Great opportunity for the Hill sector to keep on improving.
Presently Sheep Ireland has two hill flock books recording with them; the Mayo-Connemara ram group and the Donegal Wicklow Cheviot group. There is also a small number of individual hill farmers doing their recording across several breeds.
These groups record the same level of data as that of lowland pedigree breeders. Which includes the following.
- Tagging lambs at birth
- Assigning parentage
- Lambing data including date of birth, lamb mortality, and Birth weights
- Annual weight performance.
The development of these flock books has led to their inclusion in Teagasc research trills over the last few years.
With the SIS hill farmers are now actively looking for sire verified rams. Parentage and scrapie information are now a sought after commodity and at the forefront of ram producers’ minds and discussions.
There are currently seventeen different hill ram groups nationally that run ram sales. In 2023, nine of these groups ran their catalogues through the Sheep Ireland National Database. This was a huge step forward for the sector with many purchasers and breeders alike delighted with the extra information available to them when purchasing their rams. The vast majority of this information was gathered from the genotyping carried out by the farmers to have their rams qualify for SIS.
Something that has been raised to a very large degree by hill groups, is the issue of poor mouths on hill sheep. This is an area that a sheep is highly scrutinized for in the hill sector. Premature loss of incisor teeth (broken mouth) is a major problem leading to early involuntary culling because affected sheep are unable to bite off short and/or rough pasture leading to malnutrition, poor production, and weight loss.
Watch this video about how this information is being recorded:
Sheep Ireland has been actively recording mouths of hill sheep in both recording groups since 2021 with over 2,800 records currently obtained, and more to follow in 2023. Examination of incisor teeth alignment was performed by running an index finger along the dental pad, with the sheep’s mouth closed and the head held in the normal resting position. This examination will reveal any teeth projecting forward or backward of the normal contact on the dental pad.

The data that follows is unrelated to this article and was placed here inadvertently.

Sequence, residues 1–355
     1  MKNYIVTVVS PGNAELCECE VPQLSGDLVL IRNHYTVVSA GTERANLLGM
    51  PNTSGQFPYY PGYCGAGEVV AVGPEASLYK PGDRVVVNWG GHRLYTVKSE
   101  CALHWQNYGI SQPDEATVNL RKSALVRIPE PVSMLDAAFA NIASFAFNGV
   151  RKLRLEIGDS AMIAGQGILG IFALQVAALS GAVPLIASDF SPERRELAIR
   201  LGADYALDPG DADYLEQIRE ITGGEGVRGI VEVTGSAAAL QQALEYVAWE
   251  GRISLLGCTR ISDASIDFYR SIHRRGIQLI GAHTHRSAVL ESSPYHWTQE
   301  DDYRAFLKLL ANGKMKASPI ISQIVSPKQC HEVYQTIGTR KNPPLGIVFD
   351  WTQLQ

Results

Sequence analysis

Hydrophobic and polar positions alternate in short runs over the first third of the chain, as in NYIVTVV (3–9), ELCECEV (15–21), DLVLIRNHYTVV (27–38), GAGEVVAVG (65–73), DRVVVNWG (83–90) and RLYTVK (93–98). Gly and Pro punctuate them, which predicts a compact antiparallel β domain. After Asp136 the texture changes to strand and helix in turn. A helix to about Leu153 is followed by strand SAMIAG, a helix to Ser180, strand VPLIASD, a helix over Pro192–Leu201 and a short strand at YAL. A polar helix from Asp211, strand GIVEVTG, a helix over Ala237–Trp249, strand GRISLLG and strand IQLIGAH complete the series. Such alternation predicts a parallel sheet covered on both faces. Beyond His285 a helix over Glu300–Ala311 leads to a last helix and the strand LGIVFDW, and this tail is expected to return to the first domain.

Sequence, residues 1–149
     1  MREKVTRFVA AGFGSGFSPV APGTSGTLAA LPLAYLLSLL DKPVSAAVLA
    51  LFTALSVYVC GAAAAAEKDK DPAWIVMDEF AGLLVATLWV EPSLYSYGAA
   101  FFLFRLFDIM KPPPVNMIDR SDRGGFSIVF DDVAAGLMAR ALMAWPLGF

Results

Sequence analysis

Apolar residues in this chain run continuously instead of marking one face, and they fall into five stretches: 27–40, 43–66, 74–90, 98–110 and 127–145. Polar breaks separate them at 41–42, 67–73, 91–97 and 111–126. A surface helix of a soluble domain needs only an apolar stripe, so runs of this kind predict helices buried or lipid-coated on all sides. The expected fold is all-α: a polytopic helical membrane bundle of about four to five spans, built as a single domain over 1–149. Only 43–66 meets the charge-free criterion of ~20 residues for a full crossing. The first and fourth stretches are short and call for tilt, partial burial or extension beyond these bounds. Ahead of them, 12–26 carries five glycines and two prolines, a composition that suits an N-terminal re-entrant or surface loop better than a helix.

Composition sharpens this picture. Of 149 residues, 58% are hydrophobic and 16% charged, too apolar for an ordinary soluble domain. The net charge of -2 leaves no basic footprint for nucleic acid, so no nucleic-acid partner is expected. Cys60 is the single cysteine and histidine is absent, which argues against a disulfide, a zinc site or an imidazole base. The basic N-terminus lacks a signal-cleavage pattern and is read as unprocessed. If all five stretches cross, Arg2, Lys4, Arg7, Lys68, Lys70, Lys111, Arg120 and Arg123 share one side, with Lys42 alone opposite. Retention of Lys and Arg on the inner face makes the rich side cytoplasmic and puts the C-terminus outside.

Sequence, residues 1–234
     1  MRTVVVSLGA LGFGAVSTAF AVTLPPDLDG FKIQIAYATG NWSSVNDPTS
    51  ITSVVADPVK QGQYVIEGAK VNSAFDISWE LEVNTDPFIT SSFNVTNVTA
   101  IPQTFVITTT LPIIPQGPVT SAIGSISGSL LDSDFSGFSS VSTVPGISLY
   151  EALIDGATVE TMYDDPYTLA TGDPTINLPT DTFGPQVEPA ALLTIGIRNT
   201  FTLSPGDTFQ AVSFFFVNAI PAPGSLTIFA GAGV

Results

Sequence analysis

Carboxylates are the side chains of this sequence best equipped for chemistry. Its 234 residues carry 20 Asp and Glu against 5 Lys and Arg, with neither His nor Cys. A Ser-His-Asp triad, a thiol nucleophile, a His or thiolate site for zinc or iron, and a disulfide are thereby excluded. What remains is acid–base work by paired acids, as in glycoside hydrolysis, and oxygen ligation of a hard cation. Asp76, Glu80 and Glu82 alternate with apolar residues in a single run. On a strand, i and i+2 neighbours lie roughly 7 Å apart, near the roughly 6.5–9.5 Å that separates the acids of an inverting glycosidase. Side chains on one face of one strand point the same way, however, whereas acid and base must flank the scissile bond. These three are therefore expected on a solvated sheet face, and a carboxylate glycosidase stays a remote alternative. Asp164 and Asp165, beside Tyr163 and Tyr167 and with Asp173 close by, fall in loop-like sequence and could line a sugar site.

Each sheep also got a visual inspection of its mouth by moving both the top and bottom lip to reveal the animals full dental bad. Sheep were scored as Normal, Overshot, Undershot, and Broken.
Continued research in this area is ongoing. The hope is that mouth issues currently in hill sheep have a level of heritability and an index for the trait can be developed.
The targets for future development over the next 12 months are as follows:
- Increase the knowledge of what Sheep Ireland can do for the sector and continue to build up the trust and confidence of hill farmers.
- Have a much higher percentage of hill breeds running flock books.
- Have flocks’ performance recording (Parentage, weaning weight, recording culls).
- Develop an index for Hill sheep, with data recorded from Hill flocks
- Continue recording mouths of Hill Sheep.
In conclusion, the Hill sector is facing a great opportunity to improve genetic gains thanks to the impulse of the SIS, with services being provided by Sheep Ireland and research being done by Teagasc. This will be again a demonstration that the Irish Sheep industry working together is committed to keep on improving across all the production systems.